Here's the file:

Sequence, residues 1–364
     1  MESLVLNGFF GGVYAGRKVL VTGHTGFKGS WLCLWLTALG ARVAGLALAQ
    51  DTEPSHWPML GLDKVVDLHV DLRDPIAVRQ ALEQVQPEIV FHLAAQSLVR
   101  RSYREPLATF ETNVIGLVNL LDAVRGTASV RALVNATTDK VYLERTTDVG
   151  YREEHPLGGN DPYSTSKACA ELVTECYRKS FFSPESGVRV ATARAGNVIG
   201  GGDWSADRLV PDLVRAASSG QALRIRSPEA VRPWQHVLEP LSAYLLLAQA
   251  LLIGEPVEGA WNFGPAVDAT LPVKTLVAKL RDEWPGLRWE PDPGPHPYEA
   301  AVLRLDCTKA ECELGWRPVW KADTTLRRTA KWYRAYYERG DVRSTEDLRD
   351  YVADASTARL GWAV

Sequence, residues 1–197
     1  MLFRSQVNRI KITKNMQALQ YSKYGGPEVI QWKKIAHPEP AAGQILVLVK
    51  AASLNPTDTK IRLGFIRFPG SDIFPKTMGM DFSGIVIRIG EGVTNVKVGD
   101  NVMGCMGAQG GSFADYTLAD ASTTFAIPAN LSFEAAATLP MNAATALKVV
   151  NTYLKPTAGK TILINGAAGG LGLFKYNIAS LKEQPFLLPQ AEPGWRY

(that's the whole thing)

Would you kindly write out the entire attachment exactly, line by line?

Sequence, residues 1–364
     1  MESLVLNGFF GGVYAGRKVL VTGHTGFKGS WLCLWLTALG ARVAGLALAQ
    51  DTEPSHWPML GLDKVVDLHV DLRDPIAVRQ ALEQVQPEIV FHLAAQSLVR
   101  RSYREPLATF ETNVIGLVNL LDAVRGTASV RALVNATTDK VYLERTTDVG
   151  YREEHPLGGN DPYSTSKACA ELVTECYRKS FFSPESGVRV ATARAGNVIG
   201  GGDWSADRLV PDLVRAASSG QALRIRSPEA VRPWQHVLEP LSAYLLLAQA
   251  LLIGEPVEGA WNFGPAVDAT LPVKTLVAKL RDEWPGLRWE PDPGPHPYEA
   301  AVLRLDCTKA ECELGWRPVW KADTTLRRTA KWYRAYYERG DVRSTEDLRD
   351  YVADASTARL GWAV

Sequence, residues 1–197
     1  MLFRSQVNRI KITKNMQALQ YSKYGGPEVI QWKKIAHPEP AAGQILVLVK
    51  AASLNPTDTK IRLGFIRFPG SDIFPKTMGM DFSGIVIRIG EGVTNVKVGD
   101  NVMGCMGAQG GSFADYTLAD ASTTFAIPAN LSFEAAATLP MNAATALKVV
   151  NTYLKPTAGK TILINGAAGG LGLFKYNIAS LKEQPFLLPQ AEPGWRY